XR Zero Waste Criticizes Funding Proposal for EfW Edmonton Facility


XR Zero Waste anti-incineration campaigners have criticized the potential use of UK Municipal Bonds Agency (UK MBA) funding to support the development of a new energy-from-waste (EfW) facility in north London .

Citing a recent analysis published in Environmental Finance by Prashant Vaze, Chief Economist at Consumer Focus, and Dominic Hogg, Director of Equanimator, XR Zero Waste, argue that the EfW project is not a “low carbon project” and is incompatible with the UK MBA support criteria. for issuing green bonds.

The UK MBA’s Green Bond, the first of its kind, was originally announced earlier this year, aiming to direct funding to a range of “eligible green projects”. To accompany its green bond announcement, the UK MBA has also published a Sustainable Finance Framework – a guide “under which it can issue all forms of green, social and sustainable finance”, including “government bonds, private placements, commercial paper and other debt securities”.

“Renewable energy”, “clean transportation” and “pollution prevention and control” were listed as eligible project categories. “Pollution prevention and control” included EfW facilities as eligible for UK MBA funding, citing the Climate Bonds Initiative (CBI) environmental performance measures as met criteria.

The article by Vaze and Hogg claims that the UK MBA’s sustainable funding framework aims to align with the goals of the United Nations COP21 Paris Agreement and that “EfW incineration is, after coal, the form of the most carbon-intensive electricity generation”.

As a result, they question UK MBA’s intention “to raise £250-400m to build an Edmonton Energy from Waste (EfW) incineration facility at Enfield”. Notably, EfW is not part of the EU’s sustainable finance taxonomy and the Climate Bonds Initiative excludes this type of technology for certification in EU countries.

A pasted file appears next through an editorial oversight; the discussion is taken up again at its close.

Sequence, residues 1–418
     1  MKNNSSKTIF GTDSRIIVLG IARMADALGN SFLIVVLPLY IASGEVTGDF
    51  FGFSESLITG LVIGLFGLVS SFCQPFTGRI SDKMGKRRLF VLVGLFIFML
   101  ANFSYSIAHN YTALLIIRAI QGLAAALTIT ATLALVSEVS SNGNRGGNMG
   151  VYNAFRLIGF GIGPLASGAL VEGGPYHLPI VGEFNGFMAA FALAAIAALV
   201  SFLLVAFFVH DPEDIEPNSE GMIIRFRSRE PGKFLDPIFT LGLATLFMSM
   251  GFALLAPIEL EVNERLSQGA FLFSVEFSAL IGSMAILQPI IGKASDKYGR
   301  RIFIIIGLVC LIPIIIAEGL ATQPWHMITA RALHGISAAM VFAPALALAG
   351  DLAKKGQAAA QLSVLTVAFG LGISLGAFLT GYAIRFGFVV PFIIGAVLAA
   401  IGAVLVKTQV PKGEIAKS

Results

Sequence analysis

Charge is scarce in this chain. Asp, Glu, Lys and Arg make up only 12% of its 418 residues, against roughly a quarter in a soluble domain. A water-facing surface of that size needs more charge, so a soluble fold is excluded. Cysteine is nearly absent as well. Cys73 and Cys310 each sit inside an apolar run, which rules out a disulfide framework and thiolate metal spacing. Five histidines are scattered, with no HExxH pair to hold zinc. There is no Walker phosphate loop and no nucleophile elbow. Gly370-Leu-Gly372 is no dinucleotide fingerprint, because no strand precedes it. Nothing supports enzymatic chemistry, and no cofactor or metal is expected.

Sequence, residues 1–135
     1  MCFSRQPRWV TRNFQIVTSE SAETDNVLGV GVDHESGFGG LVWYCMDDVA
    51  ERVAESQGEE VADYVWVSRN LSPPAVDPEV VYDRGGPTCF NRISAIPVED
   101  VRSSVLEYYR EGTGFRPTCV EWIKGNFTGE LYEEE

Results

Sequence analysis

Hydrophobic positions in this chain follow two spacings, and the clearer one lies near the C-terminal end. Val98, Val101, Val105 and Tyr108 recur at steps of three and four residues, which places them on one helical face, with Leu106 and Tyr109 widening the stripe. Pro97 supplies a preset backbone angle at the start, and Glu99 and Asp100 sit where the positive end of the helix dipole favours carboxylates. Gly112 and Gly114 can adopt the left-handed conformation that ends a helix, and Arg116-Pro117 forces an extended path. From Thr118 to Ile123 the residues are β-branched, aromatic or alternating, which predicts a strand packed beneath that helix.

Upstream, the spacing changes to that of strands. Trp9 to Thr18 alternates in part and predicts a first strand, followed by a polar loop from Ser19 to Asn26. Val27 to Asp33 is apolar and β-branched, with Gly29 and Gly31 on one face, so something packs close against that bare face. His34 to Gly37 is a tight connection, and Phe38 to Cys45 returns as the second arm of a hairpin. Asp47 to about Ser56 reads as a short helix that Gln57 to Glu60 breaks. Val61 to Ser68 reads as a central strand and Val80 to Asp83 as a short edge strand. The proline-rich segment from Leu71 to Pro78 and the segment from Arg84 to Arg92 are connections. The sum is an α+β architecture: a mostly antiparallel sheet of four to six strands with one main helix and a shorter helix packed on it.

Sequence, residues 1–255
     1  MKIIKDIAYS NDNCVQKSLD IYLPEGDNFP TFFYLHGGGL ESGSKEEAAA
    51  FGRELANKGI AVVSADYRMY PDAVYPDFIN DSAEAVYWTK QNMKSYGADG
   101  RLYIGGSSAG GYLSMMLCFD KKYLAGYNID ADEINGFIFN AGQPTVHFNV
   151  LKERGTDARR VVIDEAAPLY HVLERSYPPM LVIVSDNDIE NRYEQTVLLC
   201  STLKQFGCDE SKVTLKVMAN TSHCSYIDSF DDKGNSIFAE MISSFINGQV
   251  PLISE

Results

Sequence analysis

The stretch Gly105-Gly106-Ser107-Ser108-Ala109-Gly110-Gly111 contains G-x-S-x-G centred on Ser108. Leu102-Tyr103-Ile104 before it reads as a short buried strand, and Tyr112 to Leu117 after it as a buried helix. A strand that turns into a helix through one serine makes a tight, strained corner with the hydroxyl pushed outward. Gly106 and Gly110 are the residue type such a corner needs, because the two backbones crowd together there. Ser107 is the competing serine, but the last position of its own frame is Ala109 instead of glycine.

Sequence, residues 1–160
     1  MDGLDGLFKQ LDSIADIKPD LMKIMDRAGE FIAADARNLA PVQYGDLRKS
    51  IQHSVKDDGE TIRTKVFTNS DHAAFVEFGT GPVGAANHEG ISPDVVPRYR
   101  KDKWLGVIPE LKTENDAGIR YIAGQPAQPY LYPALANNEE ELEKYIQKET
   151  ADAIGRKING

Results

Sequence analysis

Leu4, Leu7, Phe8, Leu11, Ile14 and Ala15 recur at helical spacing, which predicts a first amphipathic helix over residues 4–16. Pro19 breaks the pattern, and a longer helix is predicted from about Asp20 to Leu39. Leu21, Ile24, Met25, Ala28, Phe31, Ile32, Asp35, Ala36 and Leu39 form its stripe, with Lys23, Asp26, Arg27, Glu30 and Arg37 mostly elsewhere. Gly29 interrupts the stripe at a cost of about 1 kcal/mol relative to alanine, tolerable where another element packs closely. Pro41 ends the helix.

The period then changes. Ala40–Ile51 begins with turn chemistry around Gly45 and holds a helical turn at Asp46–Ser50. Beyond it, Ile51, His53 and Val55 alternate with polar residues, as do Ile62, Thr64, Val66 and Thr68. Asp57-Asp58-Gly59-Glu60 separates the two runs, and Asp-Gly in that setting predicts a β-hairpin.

However, the North London Waste Authority (NLWA) has suspended its immediate plans to seek the UK MBA Green Bond to fund its £1.2bn EfW facility. In February, the waste authority instead borrowed £250million through the Public Works Loan Board, following market turbulence.

Earlier this month, a UK MBA spokesman told Public Finance: ‘The planned issue of NLWA bonds by the UK Municipal Bond Agency has not been called back, but has been halted to assess the evolution of market.

“The NLWA took £280m from the PWLB in December, and we expected it to take £250m from the PWLB in February as a prudent measure to reduce its interest rate risk at the light of market conditions.

“The markets are not conducive to a bond issue at the moment due to the volatility causing the new issue premium and spreads not to be where they should be which is why companies are also avoiding bond issuance. ‘issue for the time being.’

The agency also said it was working with the NLWA on an “innovative solution that will significantly reduce interest risk and provide better value for money for the NLWA project in the future”.


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